The festival's two other chamber concerts spotlight a contemporary evening with the Aquilon Trio from Britain, appearing at the Malta Society of Arts. And piano trios by Shostakovich (his love-impassioned First) and Schubert in the Manoel Theatre with the Swiss-based Trio Ameraldi. "One glance" at Schubert's piano trios, the bright-voiced, sad-eyed Biedermeier children of Beethoven's legacy, worshipped Schumann, "and the troubles of our human existence disappear". Clarinettist with the Aquilon is Max Mausen, the popular former principal of the Malta Philharmonic Orchestra. He'll be playing the New York Trio by Charles Camilleri, who died 10 years ago. The most internationalised, published and recorded of all 20th century Maltese composers, Camilleri's legacy as since has become dissipated, the archives vague and gapped if not blank, his compositions at best indifferently catalogued and infrequently performed. An irrepressible adventurer, music for him was about affirmations, excitations and contradictions of silence and heartbeat. No post-war voice bridged so many styles and disciplines nor engaged such a wide cross-section of society. The programme includes additionally Thea Musgrave's 1985 Pierrot, its three commedia dell'arte protagonists - Pierrot, Columbine and Harlequin - personified by violin, clarinet and piano respectively. New French pieces by Dominique Lièvre and Roland Conil will be receiving their world premieres.

A predominantly drama-focussed Beethoven recital by the French-based Azerbaijani pianist Saida Zulfuragova is offset by two song evenings from soprano Gillian Zammit and harpist Britt Arend and baritone Joseph Lia with Natalia Rakhmatulina. Gillian's programme is an elegant mixture of French, English and Maltese settings, including two songs from Alex Vella Gregory Verità cycle, "the progress of a failed relationship", to words by the composer. Joseph's "death" songs, grouped into German, Russian and Italian pairs, explore beauty and pathos out of bleakness and endings. Natalia interpolates two posthumously published Chopin fragments.

The Rising Stars slot is a favourite platform of the International Spring Orchestra Festival. This year, in a twist on the theme, just a single artist, 12-year-old pianist Daphne Delicata from Gozo, will be giving a mini-recital before each of the three final concerts in the Manoel Theatre, 2-4 May. This coming September Daphne, one of the success stories of the 2018 festival, will be commencing advanced studies in England at the Yehudi Menuhin School, the first musician from the Maltese Islands to be accepted by this world-leading establishment.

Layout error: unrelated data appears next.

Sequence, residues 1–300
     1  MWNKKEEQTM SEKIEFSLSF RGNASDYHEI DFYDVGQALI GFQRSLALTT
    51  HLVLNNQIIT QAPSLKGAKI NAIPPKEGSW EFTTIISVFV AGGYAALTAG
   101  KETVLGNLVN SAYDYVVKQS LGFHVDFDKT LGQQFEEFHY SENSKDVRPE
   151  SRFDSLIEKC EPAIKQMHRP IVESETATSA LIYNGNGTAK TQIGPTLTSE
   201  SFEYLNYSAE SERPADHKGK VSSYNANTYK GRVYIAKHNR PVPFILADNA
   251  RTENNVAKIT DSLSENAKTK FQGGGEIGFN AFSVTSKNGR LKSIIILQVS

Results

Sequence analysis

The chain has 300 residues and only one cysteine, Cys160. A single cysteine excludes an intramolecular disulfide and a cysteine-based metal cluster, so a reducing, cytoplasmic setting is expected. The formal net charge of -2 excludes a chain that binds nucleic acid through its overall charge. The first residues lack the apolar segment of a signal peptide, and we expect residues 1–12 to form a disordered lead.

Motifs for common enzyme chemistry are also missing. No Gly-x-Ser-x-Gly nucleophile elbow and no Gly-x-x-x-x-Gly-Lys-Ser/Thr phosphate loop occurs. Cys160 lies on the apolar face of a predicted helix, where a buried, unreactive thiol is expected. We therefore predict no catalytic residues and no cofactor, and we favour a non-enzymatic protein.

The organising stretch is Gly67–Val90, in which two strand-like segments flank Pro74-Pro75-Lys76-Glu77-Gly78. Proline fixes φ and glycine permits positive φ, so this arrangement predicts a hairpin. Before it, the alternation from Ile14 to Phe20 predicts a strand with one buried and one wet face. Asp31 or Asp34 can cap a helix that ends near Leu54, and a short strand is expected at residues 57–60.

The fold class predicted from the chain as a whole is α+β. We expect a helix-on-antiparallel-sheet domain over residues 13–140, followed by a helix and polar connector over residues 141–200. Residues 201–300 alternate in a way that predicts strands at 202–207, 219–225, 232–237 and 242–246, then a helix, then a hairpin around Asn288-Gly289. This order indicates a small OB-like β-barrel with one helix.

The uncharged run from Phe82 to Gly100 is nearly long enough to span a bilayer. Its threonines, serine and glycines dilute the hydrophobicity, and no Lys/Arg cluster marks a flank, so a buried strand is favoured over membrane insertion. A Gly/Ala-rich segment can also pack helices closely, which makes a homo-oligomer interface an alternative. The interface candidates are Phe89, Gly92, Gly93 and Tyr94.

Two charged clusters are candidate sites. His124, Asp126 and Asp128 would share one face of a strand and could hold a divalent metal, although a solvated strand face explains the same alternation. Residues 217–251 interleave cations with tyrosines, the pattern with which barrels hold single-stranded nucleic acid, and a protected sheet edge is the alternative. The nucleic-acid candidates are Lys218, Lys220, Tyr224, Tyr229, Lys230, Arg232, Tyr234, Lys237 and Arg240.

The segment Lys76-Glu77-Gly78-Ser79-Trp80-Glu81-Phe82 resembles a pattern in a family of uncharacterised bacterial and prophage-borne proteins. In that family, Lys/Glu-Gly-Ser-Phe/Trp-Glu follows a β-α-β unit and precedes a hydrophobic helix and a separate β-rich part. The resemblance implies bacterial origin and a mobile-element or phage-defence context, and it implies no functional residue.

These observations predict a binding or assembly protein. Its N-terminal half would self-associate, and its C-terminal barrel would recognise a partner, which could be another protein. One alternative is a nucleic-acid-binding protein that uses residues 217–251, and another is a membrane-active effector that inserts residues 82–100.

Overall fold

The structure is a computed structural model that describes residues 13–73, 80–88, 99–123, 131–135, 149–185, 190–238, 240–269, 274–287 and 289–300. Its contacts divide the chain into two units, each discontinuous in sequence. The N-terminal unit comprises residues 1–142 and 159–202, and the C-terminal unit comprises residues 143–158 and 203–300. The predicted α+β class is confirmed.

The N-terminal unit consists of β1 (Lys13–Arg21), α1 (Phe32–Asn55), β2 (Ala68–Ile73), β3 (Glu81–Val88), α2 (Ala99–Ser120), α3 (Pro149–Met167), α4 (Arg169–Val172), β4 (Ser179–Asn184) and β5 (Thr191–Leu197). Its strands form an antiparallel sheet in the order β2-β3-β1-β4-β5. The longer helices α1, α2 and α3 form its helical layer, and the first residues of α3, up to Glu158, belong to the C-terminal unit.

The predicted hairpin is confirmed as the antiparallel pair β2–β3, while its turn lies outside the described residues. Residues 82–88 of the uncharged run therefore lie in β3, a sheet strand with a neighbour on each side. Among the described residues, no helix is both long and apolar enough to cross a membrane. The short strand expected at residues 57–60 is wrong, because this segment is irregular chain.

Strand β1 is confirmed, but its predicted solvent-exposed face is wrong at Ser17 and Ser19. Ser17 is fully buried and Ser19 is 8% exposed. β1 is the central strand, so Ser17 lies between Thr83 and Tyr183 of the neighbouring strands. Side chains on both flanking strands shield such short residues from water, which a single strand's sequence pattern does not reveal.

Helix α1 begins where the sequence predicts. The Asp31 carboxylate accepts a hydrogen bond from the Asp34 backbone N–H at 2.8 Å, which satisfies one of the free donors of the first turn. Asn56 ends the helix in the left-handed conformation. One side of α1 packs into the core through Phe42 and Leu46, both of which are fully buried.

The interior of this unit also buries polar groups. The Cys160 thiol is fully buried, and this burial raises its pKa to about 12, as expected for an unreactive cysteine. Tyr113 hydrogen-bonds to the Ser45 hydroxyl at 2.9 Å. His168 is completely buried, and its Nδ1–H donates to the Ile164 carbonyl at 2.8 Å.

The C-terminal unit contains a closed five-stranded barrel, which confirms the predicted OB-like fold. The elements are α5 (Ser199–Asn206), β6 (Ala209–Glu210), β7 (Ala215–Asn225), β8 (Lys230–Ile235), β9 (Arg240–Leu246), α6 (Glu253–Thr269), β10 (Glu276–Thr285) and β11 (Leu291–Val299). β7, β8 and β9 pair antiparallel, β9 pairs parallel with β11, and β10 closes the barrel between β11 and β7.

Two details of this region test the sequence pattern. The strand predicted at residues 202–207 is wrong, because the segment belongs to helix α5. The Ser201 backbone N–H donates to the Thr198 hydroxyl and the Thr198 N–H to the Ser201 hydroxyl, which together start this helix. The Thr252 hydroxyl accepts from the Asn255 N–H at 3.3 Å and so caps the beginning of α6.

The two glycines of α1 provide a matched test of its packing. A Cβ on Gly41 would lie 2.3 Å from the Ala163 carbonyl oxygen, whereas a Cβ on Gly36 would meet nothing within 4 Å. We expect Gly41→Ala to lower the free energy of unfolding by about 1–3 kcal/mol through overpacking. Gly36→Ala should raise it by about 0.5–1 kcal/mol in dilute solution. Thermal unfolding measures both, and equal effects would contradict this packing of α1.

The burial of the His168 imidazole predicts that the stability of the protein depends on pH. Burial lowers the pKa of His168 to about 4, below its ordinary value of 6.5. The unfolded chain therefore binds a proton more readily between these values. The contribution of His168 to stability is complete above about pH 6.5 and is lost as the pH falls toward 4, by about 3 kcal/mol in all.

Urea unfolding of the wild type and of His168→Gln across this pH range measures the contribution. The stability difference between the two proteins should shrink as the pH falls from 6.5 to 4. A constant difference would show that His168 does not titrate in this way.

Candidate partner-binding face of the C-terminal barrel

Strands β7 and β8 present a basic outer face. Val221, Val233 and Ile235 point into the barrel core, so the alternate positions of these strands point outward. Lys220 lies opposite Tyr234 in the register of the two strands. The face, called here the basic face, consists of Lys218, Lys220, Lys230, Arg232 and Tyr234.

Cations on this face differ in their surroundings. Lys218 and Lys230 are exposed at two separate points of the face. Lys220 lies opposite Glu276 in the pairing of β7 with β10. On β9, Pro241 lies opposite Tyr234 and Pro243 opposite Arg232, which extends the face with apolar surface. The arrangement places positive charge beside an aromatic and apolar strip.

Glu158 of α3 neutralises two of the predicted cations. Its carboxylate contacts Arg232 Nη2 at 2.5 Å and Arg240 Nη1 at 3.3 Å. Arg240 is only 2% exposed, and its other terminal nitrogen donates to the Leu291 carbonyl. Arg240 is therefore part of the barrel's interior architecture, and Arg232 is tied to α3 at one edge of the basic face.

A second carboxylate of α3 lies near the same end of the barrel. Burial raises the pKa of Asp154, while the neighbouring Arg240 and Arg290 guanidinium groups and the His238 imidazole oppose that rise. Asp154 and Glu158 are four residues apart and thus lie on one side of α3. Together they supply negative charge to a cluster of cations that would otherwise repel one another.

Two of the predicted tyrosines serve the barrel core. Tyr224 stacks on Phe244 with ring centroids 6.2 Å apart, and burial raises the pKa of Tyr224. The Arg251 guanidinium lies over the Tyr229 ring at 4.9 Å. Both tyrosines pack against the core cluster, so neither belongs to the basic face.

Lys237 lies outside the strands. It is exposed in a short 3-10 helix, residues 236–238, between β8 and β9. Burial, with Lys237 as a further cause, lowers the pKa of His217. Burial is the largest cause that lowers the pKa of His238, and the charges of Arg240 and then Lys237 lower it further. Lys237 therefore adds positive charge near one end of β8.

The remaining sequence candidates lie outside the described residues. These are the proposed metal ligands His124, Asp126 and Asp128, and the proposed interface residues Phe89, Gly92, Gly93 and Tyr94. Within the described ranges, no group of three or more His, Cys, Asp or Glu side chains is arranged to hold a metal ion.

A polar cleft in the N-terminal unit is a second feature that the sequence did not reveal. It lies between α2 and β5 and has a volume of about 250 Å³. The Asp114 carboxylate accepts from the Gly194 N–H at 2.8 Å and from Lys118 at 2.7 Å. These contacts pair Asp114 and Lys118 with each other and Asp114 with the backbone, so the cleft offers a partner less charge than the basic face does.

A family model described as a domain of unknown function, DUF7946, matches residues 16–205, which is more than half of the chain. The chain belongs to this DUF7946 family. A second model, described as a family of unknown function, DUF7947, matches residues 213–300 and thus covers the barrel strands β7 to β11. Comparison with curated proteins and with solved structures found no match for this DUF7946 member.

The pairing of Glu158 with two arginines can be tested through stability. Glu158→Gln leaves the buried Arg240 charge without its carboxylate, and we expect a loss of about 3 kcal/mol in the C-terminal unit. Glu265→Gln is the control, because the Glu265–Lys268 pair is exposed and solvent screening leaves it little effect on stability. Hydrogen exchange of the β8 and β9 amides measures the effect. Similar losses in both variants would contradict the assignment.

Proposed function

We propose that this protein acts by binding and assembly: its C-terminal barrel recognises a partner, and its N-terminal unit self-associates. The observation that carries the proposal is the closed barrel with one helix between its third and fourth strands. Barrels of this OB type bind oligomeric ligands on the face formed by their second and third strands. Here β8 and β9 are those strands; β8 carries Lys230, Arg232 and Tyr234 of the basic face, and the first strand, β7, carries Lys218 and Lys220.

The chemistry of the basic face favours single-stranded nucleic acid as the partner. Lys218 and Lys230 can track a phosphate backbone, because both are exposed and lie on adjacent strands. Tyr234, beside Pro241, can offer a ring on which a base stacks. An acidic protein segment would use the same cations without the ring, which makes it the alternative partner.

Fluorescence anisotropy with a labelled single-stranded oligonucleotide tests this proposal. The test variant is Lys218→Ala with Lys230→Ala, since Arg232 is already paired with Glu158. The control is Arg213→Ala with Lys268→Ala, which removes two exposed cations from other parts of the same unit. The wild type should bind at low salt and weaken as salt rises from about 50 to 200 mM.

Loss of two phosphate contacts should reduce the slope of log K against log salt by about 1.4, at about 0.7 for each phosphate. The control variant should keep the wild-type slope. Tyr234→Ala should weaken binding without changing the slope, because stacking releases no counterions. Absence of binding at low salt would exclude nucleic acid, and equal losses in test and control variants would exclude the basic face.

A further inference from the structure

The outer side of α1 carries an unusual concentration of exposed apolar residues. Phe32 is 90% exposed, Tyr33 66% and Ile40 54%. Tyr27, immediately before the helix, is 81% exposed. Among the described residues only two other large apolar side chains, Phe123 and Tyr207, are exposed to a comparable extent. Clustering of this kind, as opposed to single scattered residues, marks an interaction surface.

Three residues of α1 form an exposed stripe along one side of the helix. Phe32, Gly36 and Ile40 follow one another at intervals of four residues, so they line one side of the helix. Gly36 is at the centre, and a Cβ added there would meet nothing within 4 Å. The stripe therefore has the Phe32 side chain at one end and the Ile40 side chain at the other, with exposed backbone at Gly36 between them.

Two orchestral concerts round off the festival, featuring the Estonian Sinfonietta from Tallinn, the first without conductor, the second with. Led by Johannes Põlda, the first, a largely "northern" programme (down to Sibelius's Valse triste), highlights Richard Strauss's Metamorphosen, written in the last weeks of the Second World War, with destruction surrounding its aged composer, "the fruits of Germany's 2,000-year-long cultural development", as he put it, "condemned to extinction" - in an inviting reconstruction following the original string septet short-score discovered in Switzerland in 1990.

Directed by Paris-based Brian Schembri, former artistic director of the Malta Philharmonic, needing no introduction, the closing event brings the French mezzo Brigitte Peyré to Valletta, for Mahler's eternal Kindertotenlieder - "a provocation to Providence for which he paid dear" - and the first performance of Karl Fiorini's Valletta-inspired Four Miniatures, commissioned by the Valletta Cultural Agency and setting words by Sophie Charpentier. Sub-texting the Bauhaus connection, the programme adds Poulenc's 1929 Aubade, a choreographic concerto addressing the plight of Diana, the virgin "huntress, chaste and fair" of Roman mythology condemned to eternal chastity, in which Schembri and the distinguished pianist Lucia Micallef renew a long-standing concert and studio partnership. Launching the evening is the first of Hindemith's Kammermusik essays, with cameo roles for Charlene Farrugia, piano, and Franko Bo?ac, accordion - the instrument, who can forget, of Charles Camilleri's early virtuoso celebrity.

  • don't miss